By Diego Graglia, FI2W web editor
Last year under the Bush Administration hundreds of immigrants rounded up at work-site raids were charged with “aggravated identity theft” for using Social Security numbers that belonged to other people.
Monday, the Supreme Court said in a unanimous decision that the federal government cannot use the charge in those cases: “the crime is limited to those who knew they had stolen another person’s Social Security number,” the Los Angeles Times reported.
In Flores-Figueroa vs. United States, the Court said the government had failed to prove that the defendant, Ignacio Flores-Figueroa, a Mexican man from Illinois, knew that his fraudulent documents belonged to another person.
Ignacio Flores-Figueroa, a citizen of Mexico, said he had bought a set of false documents in Chicago and used them to work at a steel plant in East Moline, Ill. His employer later reported him to immigration authorities. He was charged with entering the country illegally, using false documents and aggravated identity theft. Only the latter charge was at issue in the Supreme Court.
[ Los Angeles Times ]
The ruling “makes it harder for federal prosecutors to use the aggravated identity theft statute to boost prison sentences in undocumented immigrant cases,” the Christian Science Monitor said. Prosecutors would now have to prove that the defendant knew the actual numbers he or she used belonged to someone else.
But the decision will bring little consolation to those immigrants who, after some Bush-era raids, agreed to a guilty plea and a quick deportation. After some work-site raids where hundreds of undocumented workers were detained, the threat of a long prison sentence convinced many of them to agree to be deported instead.
The Bush Administration “used the identity theft law hundreds of times last year,” The Associated Press reported. “Workers accused of immigration violations found themselves facing the more serious identity theft charge as well, without any indication they knew their counterfeit Social Security and other identification numbers belonged to actual people and were not made up.”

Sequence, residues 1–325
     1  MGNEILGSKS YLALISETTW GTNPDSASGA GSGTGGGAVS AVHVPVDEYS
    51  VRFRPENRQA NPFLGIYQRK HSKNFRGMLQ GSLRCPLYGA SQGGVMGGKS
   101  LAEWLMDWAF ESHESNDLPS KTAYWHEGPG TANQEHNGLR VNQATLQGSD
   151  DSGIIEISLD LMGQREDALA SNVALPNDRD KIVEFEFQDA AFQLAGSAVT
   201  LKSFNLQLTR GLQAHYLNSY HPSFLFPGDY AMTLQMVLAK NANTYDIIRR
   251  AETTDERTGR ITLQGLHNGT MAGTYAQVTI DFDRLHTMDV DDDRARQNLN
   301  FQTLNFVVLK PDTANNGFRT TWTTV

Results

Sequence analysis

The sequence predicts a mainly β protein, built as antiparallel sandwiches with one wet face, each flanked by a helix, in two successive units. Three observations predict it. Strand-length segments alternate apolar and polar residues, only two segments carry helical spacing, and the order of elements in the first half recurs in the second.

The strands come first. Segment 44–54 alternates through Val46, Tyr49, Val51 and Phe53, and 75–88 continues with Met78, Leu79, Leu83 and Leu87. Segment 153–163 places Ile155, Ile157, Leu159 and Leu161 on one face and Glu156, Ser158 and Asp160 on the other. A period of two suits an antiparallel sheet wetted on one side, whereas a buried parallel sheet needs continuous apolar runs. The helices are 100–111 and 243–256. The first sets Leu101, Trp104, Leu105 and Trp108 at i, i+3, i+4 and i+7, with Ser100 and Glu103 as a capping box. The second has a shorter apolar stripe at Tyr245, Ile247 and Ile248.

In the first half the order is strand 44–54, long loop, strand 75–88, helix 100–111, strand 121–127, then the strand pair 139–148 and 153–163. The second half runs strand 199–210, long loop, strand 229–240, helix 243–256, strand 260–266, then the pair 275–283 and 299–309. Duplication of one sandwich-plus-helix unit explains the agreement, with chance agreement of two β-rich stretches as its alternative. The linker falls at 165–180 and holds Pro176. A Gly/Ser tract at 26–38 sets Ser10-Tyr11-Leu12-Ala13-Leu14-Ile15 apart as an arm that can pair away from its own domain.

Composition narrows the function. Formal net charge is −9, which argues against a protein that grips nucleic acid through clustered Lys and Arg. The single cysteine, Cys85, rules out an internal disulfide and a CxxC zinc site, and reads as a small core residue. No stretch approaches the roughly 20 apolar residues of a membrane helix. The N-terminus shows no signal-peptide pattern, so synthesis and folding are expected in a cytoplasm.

In the particular case of the Agriprocessors slaughterhouse raid in Postville, Iowa, 270 undocumented workers were charged with identity theft. “They all accepted plea deals in which they also agreed not to contest deportation,” The A.P. said.
But illustrating the arbitrary nature of the law –which several justices commented on during arguments in February– an additional 100 workers arrested in the same raid faced less serious charges because their identification numbers were made up.
The aggravated identity theft charge adds a mandatory two years in prison to any sentence. But, the Times said, “(t)he lesser charge of using false documents is not a felony and does not trigger an automatic deportation.”
While the ruling will affect the cases of undocumented workers using fake documents to get jobs, it is not expected to have an effect on “non-immigration identity-theft cases,” Reuters said. In those cases, criminals who steal Social Security numbers to, for example, access a bank account, do it knowingly — the word on which the Supreme Court decision was based.
According to the Monitor,
(Justice Stephen) Breyer rejected government concerns that the court’s ruling might make it more difficult to prosecute false document cases.
“In the classic case of identity theft, intent is generally not difficult to prove,” Breyer wrote. “Where a defendant has used another person’s identification information to get access to that person’s bank account, the government can prove knowledge with little difficulty. The same is true when the defendant has gone through someone else’s trash to find discarded credit card and bank statements.”